The earliest toy trains were made of lead and had no moving parts. Some had wheels which flipped, but these needed to be pushed or pulled. A few of the early 19th-century push toy rails were made of tinplate, like the big, durable, stylized locomotive toys in the U.S., that were painted red and gold and decorated with hearts and flowers. model trains gauges and scales
Around 1875, technological advancements in materials and manufacturing enabled tin to be stamped, cut, rolled, and lithographed faster than ever before.
Toy trains were revolutionized when Märklina German firm that specialized in doll house accessories, sought to create an equivalent toy for boys in which a constant revenue stream could be ensured by selling add-on accessories for years after the first purchase. Along with boxed sets comprising a train and track, Märklin offered additional track, rolling stock, and buildings offered separately, creating the predecessor to the modern model train layout featuring buildings and scenery in addition to an operating train.
Electric trains adopted, with the first appearing in 1897, produced by the U.S. company Carlisle & Finch. As residential use of electricity became more common from the early 20th century, electric trains gained popularity and as time went on, these electric trains grew in sophistication, gaining light, the ability to change direction, to emit a whistling sound, to smoke, to remotely couple and uncouple cars and even load and unload cargo. Toy trains from the first half of the 20th century were often made of lithographed tin; later trains were frequently made mainly of plastic.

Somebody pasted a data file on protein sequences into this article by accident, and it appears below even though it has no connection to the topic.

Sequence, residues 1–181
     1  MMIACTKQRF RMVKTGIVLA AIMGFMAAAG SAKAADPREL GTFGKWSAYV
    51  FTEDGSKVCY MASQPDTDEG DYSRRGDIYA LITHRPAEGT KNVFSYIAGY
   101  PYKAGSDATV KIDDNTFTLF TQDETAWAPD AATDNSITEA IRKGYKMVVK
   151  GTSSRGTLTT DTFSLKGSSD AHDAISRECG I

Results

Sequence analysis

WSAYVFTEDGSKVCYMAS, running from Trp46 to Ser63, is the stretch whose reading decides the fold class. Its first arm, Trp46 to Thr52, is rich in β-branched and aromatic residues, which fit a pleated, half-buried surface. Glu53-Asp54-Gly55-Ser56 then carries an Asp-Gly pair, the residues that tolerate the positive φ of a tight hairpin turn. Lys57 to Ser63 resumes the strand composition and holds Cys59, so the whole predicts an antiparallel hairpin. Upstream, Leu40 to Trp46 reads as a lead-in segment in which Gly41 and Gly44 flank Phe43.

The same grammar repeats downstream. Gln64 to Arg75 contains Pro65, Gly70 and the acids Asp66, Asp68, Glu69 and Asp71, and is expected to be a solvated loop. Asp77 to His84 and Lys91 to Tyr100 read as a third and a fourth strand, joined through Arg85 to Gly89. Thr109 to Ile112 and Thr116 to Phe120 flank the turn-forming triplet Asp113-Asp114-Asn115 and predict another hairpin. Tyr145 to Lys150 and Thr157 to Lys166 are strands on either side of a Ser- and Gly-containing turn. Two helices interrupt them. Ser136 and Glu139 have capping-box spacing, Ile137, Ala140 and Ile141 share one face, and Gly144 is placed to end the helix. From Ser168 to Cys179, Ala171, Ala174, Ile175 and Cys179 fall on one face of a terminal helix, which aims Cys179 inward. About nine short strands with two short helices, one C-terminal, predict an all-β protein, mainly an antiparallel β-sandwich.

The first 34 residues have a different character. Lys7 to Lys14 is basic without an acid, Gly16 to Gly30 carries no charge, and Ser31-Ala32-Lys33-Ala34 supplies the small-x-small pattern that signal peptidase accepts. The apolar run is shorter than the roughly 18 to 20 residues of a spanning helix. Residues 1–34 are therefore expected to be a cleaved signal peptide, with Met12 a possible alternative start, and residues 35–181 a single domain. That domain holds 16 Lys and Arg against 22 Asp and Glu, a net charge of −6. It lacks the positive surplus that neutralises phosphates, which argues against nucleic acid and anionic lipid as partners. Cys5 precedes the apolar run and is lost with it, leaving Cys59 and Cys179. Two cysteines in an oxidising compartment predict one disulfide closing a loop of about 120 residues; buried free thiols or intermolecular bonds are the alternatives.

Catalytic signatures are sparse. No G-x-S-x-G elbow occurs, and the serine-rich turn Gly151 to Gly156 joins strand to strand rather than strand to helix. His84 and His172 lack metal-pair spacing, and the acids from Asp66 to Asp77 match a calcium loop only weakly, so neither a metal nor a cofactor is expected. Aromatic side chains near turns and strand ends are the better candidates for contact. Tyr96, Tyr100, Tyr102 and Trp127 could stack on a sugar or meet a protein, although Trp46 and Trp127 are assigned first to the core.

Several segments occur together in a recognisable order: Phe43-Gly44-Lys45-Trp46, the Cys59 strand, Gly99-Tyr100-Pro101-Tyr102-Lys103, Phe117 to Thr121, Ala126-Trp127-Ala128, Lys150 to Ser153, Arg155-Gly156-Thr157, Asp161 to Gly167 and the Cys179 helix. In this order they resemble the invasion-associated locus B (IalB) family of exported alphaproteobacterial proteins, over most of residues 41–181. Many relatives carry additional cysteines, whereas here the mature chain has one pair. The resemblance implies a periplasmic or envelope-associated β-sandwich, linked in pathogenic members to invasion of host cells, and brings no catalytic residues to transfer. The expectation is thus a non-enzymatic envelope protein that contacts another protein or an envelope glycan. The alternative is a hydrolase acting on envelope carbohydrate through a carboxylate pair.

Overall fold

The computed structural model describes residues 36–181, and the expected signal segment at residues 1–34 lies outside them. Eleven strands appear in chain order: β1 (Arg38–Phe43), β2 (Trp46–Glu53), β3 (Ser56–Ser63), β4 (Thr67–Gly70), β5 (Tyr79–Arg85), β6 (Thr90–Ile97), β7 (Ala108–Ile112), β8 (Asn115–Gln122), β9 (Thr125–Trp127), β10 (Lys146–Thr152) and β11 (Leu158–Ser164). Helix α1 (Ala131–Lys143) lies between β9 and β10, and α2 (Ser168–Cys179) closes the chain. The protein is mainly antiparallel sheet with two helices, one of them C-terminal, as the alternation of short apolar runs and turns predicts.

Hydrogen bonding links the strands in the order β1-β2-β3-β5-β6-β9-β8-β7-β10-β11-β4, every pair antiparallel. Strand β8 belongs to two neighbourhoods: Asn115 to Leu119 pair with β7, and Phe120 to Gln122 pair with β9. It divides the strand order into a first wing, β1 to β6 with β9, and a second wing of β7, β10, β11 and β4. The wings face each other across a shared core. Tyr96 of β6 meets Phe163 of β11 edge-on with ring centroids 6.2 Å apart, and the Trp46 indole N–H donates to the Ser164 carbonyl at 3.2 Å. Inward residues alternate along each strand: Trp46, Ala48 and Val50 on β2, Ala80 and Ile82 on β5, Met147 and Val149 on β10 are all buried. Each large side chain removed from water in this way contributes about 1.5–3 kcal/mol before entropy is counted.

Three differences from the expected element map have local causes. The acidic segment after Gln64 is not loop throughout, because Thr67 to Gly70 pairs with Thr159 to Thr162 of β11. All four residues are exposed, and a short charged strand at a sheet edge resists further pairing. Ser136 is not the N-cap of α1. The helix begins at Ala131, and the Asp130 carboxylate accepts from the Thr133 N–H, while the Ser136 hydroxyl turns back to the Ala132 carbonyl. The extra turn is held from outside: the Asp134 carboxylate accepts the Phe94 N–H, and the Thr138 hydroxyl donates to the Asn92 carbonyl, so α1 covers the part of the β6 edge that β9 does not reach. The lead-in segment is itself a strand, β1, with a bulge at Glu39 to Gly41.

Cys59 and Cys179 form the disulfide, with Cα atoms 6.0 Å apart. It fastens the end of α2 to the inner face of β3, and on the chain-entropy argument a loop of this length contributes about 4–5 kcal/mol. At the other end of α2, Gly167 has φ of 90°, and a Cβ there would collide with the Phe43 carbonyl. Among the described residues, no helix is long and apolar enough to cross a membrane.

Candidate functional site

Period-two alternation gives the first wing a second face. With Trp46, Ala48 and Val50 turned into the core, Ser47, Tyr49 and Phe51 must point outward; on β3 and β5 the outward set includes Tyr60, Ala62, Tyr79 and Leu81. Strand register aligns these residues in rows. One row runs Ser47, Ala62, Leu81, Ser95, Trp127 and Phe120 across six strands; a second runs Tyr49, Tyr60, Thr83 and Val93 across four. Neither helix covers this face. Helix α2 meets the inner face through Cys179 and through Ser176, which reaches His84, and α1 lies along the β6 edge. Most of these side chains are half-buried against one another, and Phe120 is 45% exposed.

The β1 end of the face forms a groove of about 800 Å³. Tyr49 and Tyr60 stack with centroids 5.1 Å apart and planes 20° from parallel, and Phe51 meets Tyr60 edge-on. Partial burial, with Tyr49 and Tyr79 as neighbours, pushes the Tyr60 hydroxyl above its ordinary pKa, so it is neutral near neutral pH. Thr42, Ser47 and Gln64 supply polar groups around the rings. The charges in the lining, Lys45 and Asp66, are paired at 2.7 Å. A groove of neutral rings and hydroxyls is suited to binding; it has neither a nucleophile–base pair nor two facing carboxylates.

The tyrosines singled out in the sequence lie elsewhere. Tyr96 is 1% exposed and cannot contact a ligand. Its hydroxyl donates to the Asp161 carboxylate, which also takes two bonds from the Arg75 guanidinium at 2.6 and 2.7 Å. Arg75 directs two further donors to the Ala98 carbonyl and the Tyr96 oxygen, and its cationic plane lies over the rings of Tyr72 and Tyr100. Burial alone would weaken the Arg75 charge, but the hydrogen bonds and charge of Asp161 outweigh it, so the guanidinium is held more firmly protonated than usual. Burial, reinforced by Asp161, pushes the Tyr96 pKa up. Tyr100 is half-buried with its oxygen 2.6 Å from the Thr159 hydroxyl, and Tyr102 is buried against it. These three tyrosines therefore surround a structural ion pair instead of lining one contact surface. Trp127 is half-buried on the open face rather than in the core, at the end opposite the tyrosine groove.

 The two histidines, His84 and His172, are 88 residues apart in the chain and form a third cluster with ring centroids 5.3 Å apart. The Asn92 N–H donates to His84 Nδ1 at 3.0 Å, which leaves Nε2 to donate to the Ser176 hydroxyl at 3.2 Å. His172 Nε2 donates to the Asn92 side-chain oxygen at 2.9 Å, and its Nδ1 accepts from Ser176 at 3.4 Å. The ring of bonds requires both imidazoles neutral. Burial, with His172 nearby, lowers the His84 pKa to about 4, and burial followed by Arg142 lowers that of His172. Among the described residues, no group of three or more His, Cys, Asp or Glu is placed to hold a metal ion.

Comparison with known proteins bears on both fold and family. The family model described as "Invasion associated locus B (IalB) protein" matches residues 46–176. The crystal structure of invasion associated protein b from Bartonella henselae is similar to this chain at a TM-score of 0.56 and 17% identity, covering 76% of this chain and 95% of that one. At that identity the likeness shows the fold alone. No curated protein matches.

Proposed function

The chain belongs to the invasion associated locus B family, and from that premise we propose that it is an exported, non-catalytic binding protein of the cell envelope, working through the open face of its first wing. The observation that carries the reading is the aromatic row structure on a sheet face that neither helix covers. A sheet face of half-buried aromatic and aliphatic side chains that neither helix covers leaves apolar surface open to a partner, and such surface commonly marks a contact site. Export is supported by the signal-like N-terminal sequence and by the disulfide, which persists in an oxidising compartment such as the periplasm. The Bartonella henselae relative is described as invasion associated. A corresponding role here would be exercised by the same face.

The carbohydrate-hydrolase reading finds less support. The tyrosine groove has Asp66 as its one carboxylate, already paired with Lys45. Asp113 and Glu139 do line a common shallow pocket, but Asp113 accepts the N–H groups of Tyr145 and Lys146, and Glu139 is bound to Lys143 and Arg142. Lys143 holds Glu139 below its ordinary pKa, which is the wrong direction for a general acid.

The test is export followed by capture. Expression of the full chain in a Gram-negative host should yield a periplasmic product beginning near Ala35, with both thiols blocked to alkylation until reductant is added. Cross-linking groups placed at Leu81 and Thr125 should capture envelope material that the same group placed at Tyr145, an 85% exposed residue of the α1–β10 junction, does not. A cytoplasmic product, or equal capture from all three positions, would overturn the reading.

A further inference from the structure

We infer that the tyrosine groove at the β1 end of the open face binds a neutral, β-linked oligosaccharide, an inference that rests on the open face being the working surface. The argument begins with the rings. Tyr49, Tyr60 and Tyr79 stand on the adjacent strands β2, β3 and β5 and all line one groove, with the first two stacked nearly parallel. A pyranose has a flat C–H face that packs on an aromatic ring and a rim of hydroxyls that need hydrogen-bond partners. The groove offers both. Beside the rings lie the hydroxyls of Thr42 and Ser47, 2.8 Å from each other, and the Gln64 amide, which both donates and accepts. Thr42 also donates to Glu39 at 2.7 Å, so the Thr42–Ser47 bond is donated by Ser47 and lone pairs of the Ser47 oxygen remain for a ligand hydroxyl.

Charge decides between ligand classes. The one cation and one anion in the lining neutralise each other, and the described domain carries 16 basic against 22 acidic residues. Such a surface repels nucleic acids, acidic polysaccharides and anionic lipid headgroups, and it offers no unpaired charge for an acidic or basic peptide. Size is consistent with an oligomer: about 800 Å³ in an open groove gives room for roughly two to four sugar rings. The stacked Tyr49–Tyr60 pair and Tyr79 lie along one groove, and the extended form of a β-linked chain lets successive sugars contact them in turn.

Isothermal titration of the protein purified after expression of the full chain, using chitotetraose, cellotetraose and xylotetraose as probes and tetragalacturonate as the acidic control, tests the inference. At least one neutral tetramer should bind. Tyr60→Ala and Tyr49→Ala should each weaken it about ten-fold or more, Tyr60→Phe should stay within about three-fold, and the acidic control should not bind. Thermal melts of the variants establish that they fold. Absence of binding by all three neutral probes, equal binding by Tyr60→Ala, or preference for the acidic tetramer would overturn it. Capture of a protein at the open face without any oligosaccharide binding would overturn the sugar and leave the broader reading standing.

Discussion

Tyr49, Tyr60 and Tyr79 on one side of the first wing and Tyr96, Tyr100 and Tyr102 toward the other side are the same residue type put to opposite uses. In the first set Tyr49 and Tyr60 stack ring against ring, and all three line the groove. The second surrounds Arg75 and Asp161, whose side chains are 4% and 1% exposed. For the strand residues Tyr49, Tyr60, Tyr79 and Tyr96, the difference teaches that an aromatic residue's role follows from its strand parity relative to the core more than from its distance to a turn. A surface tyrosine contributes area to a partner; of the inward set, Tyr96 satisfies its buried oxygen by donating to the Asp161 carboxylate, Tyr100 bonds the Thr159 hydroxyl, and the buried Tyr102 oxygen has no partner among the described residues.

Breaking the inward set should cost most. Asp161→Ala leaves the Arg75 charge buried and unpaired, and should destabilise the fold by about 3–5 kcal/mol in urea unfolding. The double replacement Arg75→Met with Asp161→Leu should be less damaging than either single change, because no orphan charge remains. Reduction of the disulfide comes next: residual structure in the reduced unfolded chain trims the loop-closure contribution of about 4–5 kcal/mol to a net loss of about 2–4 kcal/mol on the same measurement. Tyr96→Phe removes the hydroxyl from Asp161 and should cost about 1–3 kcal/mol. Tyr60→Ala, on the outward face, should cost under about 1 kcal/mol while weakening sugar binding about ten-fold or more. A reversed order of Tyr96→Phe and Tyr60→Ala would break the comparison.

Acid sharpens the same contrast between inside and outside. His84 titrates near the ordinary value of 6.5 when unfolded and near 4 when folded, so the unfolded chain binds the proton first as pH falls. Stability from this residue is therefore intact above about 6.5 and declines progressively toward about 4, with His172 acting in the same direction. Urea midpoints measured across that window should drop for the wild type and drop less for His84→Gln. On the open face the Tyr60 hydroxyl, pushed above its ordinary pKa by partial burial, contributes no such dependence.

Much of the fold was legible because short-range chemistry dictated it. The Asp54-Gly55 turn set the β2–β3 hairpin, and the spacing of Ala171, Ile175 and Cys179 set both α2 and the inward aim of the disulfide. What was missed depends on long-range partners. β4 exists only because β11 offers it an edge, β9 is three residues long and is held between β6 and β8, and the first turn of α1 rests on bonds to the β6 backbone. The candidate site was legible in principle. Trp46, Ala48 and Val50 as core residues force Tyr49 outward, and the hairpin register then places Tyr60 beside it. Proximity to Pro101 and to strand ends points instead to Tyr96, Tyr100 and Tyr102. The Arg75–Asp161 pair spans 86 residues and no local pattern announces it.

Pull toys and wind-up trains were marketed by kids, while electrical trains were marketed towards teenagers, particularly teenaged boys. Consumer interest in trains as toys waned in the late 1950s, but has undergone resurgence since the late 1990s due in large part to the popularity of Thomas the Tank Engine.
Now, S gauge and O gauge railroads are still considered toy trains by their own adherents and are often accessorized with semi-scale model buildings by Plasticville or even K-Line (who owns the rights to the Plasticville-like buildings created by Marx from the 1950s to the 1970s). However, due to their high cost, one is more likely to find an HO scale or N scale train set at a toy store than an O scale set.
Many modern electrical toy trains comprise sophisticated electronics that emit digitized sound effects and allow the operator to safely and easily run several remote controller trains on one loop of track. In recent decades, many toy rail operators may operate a train with a TV camera at the front of the engine and hooked up to a display, such as pc monitor. This will show a picture, similar to that of a real (smaller size) railroad)
Thanks for your interest in model trains gauges and scales